I’m so proud that we got through that initial hard stage.
I know there will be many more difficult stages to go through, but I am happy we didn’t give up and we kept going.
Alright, so here’s our tips on how to afford and sustain the van life lifestyle.
We wanted to share a few tips and reminders so that you can think about it and plan ahead of time… and not have to dig through your quarters to pay for gas like we did ;-)
How to afford the van life lifestyle:
SAVE UP BEFORE YOU GO
We saved $12,000 which we felt was a lot of money at the time. $2,000 of that went toward a down payment for our van, and the rest went into the van build. We actually had to use our credit cards to finish building our van… and we still don’t have everything we wanted in it to this day!
So, I think it’s really important to think about what kind of van you want to have. Some people want a cheaper vehicle to start with, some people want to use cheaper materials. We thought about it like this: our van is our house, so we want it to be the best we can possibly have. We want to be comfortable and live in it full-time.
Once you figure that out, try to hash out some of the costs of the build. Check out this post to see how much it cost us to build our van. This is something we didn’t do and I wish we had. I thought our fridge was going to cost around $200, but it ended up being close to $1,100.
Save up as much as you can and give yourself enough wiggle room to have money left over when you are finished! That’s one of the bigger mistakes we made at the very beginning.
If you’ve never budgeted before, you should start now. When you become a digital nomad (especially if you don’t have a job that pays a consistent remote paycheck) you’re going to have to budget and plan ahead.
There were some months that we made a bunch of money, and then the next month we made $0. So, budgeting your money and having a cushion in your savings account is really important.
TAKE ON FREELANCE WORK
The best way to afford the van life lifestyle is to start taking on freelance work! If you have skills in graphic design, website design, photography, writing, copy editing, or if you have simple skills in office work, you can start taking freelance jobs.
Start by building a portfolio of your work. Take on free or low paying jobs to build up your skills and your portfolio. Do work for friends and get testimonials. Once you have a solid portfolio, you can apply for freelance work. It takes time to find clients, but if you put in the effort you will see results!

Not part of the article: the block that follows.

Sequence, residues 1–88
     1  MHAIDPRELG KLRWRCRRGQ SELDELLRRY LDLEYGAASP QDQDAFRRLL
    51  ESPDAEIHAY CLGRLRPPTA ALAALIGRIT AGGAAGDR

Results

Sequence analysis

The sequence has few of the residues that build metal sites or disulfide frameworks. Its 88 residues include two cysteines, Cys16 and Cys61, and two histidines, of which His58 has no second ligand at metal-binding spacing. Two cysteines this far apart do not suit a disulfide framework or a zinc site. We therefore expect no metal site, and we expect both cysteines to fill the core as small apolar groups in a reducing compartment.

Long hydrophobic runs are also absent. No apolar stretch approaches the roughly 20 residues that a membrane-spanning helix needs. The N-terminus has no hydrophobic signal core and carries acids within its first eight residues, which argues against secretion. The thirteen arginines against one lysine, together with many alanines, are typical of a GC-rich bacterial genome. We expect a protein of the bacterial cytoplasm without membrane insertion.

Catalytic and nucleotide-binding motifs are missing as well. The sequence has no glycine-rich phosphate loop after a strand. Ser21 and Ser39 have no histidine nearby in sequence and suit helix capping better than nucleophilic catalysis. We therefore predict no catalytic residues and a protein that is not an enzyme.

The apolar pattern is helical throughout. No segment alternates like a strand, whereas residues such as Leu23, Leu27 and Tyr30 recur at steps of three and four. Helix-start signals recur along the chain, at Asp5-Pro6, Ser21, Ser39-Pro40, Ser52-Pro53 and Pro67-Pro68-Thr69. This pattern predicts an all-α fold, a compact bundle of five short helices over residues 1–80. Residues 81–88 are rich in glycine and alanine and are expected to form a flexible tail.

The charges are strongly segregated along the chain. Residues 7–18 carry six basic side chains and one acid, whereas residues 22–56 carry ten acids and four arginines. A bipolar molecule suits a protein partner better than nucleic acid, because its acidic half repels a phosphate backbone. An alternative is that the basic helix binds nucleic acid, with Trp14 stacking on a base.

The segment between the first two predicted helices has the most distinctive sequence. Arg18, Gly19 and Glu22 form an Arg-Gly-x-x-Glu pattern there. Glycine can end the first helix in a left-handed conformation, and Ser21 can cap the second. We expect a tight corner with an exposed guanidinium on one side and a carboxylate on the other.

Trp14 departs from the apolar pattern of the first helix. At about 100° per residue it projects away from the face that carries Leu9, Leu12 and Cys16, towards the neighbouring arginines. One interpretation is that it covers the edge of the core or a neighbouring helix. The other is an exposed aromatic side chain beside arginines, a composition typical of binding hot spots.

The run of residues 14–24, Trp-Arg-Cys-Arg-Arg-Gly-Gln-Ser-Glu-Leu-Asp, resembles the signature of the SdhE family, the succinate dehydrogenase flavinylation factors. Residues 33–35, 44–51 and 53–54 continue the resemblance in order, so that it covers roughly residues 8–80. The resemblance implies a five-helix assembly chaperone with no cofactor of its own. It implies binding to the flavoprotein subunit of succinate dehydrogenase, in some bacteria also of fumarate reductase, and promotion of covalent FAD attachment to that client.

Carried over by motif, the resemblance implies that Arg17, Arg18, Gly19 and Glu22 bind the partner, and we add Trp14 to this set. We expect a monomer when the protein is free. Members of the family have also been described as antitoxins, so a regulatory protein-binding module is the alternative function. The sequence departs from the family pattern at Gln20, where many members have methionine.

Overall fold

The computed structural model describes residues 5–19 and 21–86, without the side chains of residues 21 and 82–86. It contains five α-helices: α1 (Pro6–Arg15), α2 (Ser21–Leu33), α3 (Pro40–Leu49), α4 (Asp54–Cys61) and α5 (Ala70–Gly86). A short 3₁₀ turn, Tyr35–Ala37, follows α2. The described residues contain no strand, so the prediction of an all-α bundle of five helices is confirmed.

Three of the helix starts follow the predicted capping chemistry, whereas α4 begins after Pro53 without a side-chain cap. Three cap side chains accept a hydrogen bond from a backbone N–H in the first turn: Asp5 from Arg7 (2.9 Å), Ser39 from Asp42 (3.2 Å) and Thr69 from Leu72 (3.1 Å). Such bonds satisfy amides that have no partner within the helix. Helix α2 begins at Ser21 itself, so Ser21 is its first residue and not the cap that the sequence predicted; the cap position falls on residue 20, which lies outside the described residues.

This is the best way to really start building a sustainable income for yourself once you are living in a van. Once you’ve established yourself, you can start charging more money, and eventually you can get consistent clients that are willing to pay a good rate to work with you.
GET A REMOTE JOB
You can also find a full-time job that doesn’t require you to work in an office. There are so many new businesses that support remote work. I had a design job that was remote and didn’t require me to ever come into an office. All I had to do was stick to deadlines, have weekly meetings, and hold myself accountable.
Finding these jobs can be difficult, but if you already have a job, you might consider asking them if they are open to letting you work remotely. If your job doesn’t require you to be in office, it’s definitely something worth pursuing.
START A BUSINESS
Once you’ve freelanced for a little while and you have some work under your belt, you can consider starting your own business. Being a freelancer and starting a business are very similar, the main differences are that you might have a more established website, a business name, more dedicated clients, and a defined process of how you work with people.
You can even start a product-based business and sell digital products, artwork, candles, jewlery, resume templates… you name it. Whatever you excel at, you can make money selling, as long as you’re willing to put in the work.
Starting your own business is a great way to afford and sustain your lifestyle because it doesn't require you to go into an office, and you can make your own hours. This doesn’t mean that you won't work a day in your life... in fact, it’s quite often the opposite. You might work more hours, but you’ll be doing something you are passionate about and it will allow you to have much more flexibility in your days.
How to sustain the van life lifestyle: